The 16s quarterfinals matches went as the seeding would predict. No. 4 seed Michael Redlicki repeated his Clay Court final win over No. 5 seed Gordon Watson, taking down the Easter Bowl champion 6-4, 6-3.
The 6-foot-7 left-hander from Illinois went out to a 4-1, two-break lead in the first, but Watson began to work his way back into the match, getting one break back at 4-1 and holding three game points with Redlicki serving at 5-4. But Redlicki played well on those points, often finishing at the net, although he doesn't really feel comfortable there.
"It was not that I was focusing on finishing points at the net, but when the ball's so short you have no option but to go to the net," Redlicki said. "I prefer to play back at the baseline and work my way in, not just blindly going in like a lot of tall guys do."
In the second set, Redlicki was down 2-0, but won 6 of the next 7 games to earn a place in the semifinals against No. 2 seed Mitchell Krueger.
Krueger defeated No. 7 seed Mackenzie McDonald 6-3, 6-3, but he also worked his way out of a tight spot in the second set.
After taking a 2-0 lead, Krueger lost three straight games, and serving at 2-3 went down 15-40 on his serve. He played two big points however, and went on to hold serve, and McDonald's chance to get back in the match was gone.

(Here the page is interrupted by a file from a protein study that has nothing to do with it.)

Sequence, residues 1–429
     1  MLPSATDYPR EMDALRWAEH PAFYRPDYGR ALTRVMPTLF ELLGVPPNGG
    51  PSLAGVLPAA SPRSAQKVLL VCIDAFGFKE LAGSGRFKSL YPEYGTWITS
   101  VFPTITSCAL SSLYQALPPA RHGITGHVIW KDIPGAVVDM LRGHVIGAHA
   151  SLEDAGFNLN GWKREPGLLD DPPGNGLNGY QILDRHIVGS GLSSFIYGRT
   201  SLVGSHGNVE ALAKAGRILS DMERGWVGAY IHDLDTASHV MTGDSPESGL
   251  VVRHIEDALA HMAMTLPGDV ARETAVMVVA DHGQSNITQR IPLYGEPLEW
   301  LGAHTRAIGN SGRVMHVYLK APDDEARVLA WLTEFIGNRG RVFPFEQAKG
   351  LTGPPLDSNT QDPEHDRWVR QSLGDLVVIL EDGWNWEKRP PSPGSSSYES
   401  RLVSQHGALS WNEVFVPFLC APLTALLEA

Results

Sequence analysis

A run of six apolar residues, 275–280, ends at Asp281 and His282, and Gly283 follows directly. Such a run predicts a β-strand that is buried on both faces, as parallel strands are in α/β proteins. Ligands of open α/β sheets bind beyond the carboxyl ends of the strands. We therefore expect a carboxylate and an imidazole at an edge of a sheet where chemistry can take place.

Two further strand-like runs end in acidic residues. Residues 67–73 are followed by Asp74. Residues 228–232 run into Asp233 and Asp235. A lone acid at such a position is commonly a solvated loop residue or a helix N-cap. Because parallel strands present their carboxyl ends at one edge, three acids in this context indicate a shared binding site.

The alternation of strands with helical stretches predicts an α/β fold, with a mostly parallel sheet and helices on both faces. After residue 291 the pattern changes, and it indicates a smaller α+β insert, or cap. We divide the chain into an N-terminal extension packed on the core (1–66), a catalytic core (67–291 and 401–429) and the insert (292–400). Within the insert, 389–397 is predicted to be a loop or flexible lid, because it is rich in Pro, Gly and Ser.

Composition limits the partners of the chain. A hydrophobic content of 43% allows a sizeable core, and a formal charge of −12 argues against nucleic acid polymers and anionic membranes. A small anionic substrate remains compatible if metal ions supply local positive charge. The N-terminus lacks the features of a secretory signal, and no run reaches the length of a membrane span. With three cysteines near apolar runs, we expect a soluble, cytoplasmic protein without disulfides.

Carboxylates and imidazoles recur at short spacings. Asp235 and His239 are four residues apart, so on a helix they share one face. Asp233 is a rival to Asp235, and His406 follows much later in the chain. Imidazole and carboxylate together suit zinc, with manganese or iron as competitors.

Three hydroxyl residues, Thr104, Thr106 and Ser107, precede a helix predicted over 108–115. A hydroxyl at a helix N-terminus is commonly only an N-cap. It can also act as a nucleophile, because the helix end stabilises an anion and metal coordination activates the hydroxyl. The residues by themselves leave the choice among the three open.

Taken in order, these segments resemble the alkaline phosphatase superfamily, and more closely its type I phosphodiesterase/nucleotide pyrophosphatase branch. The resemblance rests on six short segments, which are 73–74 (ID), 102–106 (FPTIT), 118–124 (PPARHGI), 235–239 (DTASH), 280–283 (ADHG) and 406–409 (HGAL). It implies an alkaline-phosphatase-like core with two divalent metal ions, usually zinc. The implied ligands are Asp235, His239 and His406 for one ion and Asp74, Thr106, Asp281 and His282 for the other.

"It was definitely a relief," Krueger said. "On the second one I hit a volley that could have gone either way. I was really in a tight position. I was glad to get out of that; it was a big two points."
Krueger and Redlicki played last fall in the second round at the ITF Grade 4 in Urbana, Ill., with Krueger winning in a third set tiebreaker.
"It was a good match and I'm expecting another great fight tomorrow," Redlicki said.
"It will be tough," Krueger said. "He's a big server. It depends on how we are on that day."
The other semifinal in 16s to be played on Saturday will feature No. 1 seed Shane Vinsant against No. 3 seed Nolan Paige, meaning all four top seeds will be playing in the semifinals.
A Texas team will win the 16s doubles title Saturday, it's just a question of which one. Top seeds Krueger and Vinsant will face unseeded Andrew Korinek and Tam Trinh for the gold ball. Krueger and Vinsant beat the unseeded team of Alex Gornet and Zack Lewis 6-3, 6-0. Korinek and Trinh defeated the unseeded team of Sam Bloom and Ken Sabacinski 7-6(4), 6-2.
In the boys 18s doubles, the gold ball and a U.S. Open main draw wild card will be on the line when the sixth seeds, Jack Sock and Matthew Kandath, take on No. 2 seeds Sekou Bangoura and Nathan Pasha. Sock and Kandath saved three set points in the second set tiebreaker to defeat No. 4 seeds Evan King and Raymond Sarmiento 6-4, 7-6(6). Bangoura and Pasha, making their second straight appearance in the 18s final, defeated No. 9 seeds Bjorn Fratangelo and Alexios Halebian by the same score as the other semifinal, although Bangoura and Pasha did not need to save any set points in their second set tiebreaker.
For complete results, see ustaboys.com.
Friday, August 13, 2010